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DEAR HARRIETTE: I’m in a serious relationship with a man who, like myself, has two children from a previous relationship. His kids are about two years older than mine, but all of them are in elementary school. My boyfriend’s kids are not very well-behaved. They lack manners and respect for elders, and they regularly use swear words. I’m worried that they might be a bad influence on my kids. I don’t like when my kids spend longer than a few hours with them because they usually misbehave afterward. What should I do? — Bad Influence
DEAR BAD INFLUENCE: You and your guy need to have some serious conversations about the future and the blending of your families. You need to set ground rules for what is acceptable in your home and around your children. For example, you have rules about manners, language and interactions with elders. Your partner needs to agree with you that the behavior you expect must be taught to them, and they must learn to comply. It will take time if he agrees. There’s a good chance there may be resistance from their mother. But in order for you to build a long-term relationship with him, the children have to be able to follow the rules of your home. Otherwise, it will not work. You need to make that clear to him.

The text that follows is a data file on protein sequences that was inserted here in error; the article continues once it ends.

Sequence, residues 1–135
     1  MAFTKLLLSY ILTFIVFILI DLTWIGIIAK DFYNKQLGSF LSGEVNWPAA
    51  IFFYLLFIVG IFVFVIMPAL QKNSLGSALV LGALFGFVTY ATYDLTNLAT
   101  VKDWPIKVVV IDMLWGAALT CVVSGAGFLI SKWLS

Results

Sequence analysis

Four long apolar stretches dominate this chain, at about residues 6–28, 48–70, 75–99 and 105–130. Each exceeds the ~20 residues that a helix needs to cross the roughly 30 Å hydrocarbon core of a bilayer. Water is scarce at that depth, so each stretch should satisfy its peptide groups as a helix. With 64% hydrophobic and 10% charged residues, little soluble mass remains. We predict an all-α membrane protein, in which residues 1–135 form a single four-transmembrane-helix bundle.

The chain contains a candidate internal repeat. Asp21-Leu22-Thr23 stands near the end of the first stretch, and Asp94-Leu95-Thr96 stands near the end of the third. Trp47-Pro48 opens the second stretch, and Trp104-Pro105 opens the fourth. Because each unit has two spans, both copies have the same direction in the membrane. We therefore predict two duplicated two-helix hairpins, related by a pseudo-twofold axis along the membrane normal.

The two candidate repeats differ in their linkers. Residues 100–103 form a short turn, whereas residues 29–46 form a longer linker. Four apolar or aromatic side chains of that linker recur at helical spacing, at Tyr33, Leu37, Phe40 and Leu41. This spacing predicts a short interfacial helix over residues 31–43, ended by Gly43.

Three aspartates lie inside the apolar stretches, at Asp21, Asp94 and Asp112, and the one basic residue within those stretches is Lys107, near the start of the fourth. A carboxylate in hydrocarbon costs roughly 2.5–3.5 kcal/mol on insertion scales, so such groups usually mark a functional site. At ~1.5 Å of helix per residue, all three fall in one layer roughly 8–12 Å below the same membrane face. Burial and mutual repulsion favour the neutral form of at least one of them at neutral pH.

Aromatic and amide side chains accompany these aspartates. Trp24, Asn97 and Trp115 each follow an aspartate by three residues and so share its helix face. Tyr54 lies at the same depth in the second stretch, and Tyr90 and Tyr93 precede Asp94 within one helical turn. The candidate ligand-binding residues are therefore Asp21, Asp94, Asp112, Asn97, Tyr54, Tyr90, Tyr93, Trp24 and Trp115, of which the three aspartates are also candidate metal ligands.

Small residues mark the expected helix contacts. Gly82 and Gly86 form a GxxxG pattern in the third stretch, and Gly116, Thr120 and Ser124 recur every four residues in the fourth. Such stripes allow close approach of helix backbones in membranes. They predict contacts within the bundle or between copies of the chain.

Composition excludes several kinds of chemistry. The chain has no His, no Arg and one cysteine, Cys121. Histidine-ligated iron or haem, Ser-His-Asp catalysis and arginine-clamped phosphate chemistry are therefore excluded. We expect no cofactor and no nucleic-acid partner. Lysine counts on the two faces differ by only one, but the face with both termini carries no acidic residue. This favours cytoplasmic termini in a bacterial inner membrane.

If he is unwilling to work with you to reinforce your family guidelines, he is not the partner for you. It would do you well to figure that out ASAP before you become too entrenched in his life.
DEAR HARRIETTE: I am working for a startup that is not doing well. All indicators suggest that we could be out of business in a matter of months. I love this company and want to help them survive, but I’m not sure I know what to do. Heck, they don’t know what to do. I don’t want to be a quitter, though. They have asked us to do everything in our power to fortify them during this rocky patch. How can I take care of myself at the same time? I’m exhausted. — At the Edge
DEAR AT THE EDGE: Talk to the owners. Make sure they know how committed you are to them and the business. Ask them if they think they will be able to provide any kind of severance if things don’t work out. Make it clear to them that you want nothing more than to stick with them and you worry about how to take care of yourself. Find out if they would be willing to give you anything if they decide to pull the plug in the next few months.
If they cannot make that guarantee, you need to understand that it is an urgent time for you to look for another job. You can carve out an hour each day to tend to your future: brush off the resume, do your research, make a few calls and actively look for employment. Continue to give your all to the job, but save a little of that “all” for yourself.